Every year the US government gives the state of Israel (with a 2006 population of 6.3 million and ranked 36th in GDP per capita, just ahead of New Zealand) $3 billion in direct military and economic aid, and an additional $3 billion in loans and grants. That's a total of $6 billion per year, or about $20 per American per year. Ours is a large country. We can afford $20 per year. So why can't we do the same for Iraq? The end result might be a prosperous and peaceful Iraq, which will allow the US to withdraw without leaving a failed state. Thank you anand and David All for the comments that made me think about this.
PS: Keep in mind that the US has already spent $450 billion on this war, and much more more in the long term.
PPS: I did not realize how much aid the US was giving Iraq. The numbers are quite impressive:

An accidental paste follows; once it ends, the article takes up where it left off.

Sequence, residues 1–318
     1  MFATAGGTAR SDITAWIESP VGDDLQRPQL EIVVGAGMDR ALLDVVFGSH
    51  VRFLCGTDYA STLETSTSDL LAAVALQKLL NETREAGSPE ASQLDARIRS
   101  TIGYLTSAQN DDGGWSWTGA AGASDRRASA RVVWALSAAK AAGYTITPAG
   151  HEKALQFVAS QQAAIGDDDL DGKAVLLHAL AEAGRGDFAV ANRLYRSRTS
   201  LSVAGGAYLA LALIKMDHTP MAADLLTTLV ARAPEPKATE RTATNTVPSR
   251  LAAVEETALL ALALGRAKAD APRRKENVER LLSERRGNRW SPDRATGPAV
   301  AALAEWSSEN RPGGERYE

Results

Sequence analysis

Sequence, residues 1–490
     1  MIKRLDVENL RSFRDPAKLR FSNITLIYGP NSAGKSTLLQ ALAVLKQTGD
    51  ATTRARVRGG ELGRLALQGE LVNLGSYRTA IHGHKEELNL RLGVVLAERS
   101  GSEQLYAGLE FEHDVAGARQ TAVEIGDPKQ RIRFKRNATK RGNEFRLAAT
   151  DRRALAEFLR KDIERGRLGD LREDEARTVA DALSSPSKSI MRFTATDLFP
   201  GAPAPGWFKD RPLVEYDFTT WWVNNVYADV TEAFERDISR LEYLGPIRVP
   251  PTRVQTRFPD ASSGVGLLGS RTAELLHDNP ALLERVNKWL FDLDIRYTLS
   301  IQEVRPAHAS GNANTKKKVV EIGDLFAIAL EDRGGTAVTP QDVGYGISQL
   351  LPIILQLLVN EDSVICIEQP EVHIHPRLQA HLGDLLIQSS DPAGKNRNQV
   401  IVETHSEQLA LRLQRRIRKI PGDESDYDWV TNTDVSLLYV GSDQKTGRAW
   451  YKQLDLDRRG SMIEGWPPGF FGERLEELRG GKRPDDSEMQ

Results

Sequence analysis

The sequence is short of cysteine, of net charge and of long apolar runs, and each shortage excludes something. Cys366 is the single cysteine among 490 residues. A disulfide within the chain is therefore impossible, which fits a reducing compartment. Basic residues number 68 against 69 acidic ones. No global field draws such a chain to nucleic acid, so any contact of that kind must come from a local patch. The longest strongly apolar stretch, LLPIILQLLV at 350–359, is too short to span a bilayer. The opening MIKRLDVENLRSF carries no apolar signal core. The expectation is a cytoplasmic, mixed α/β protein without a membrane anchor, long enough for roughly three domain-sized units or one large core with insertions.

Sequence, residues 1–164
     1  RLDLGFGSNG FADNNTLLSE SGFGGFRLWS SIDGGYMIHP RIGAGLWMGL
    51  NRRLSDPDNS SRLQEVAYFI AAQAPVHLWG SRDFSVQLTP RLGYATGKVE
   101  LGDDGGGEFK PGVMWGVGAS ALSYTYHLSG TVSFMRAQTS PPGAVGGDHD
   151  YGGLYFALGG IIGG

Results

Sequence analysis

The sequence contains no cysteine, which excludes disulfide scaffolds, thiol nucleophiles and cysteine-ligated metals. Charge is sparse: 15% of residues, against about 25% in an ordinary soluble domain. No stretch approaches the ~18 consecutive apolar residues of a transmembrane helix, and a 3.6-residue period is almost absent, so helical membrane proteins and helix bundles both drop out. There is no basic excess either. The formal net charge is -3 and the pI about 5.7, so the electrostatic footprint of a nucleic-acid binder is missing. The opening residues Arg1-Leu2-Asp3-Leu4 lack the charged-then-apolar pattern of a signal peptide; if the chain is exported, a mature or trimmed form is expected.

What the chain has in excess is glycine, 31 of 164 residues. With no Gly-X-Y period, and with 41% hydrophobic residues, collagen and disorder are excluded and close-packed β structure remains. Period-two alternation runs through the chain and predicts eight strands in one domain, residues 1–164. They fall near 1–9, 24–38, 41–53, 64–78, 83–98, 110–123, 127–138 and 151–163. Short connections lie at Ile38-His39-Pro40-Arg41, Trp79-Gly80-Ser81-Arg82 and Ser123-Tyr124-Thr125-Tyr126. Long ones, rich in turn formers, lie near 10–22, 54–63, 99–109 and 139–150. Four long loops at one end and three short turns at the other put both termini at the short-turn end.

March 27, 2006
U.S. aid skyrocketed in 2005--at least in Iraq
Posted by David Roodman at 12:38 PM
The U.S. Agency for International Development just released its initial estimates of how much foreign aid the U.S. government gave to developing countries in 2005. It submitted the figures as part of normal reporting processes to the Paris-based Development Assistance Committee. The overall figure is a stunner: U.S. Official Development Assistance spiked to $27.5 billion in 2005, from $19.7 billion the year before and $11.4 billion in 2001. Adjusting for inflation, that may match or exceed Marshall Plan giving levels, though it is still far less as a share of the U.S. economy--0.22% instead of some 1.1% in 1948–52 [see Clemens and Radelet (2003) The Millennium Challenge Account: How Much is Too Much, How Long is Long Enough?- Working Paper 23].
Iraq unsurprisingly accounts for the lion's share of the increase, receiving $10.2 billion, up from $3.0 billion the year before. That probably constitutes the largest one-year aid transfer between any two countries ever. And U.S. aid to Afghanistan nearly doubled, from $778 million in 2004 to $1.5 billion in 2005.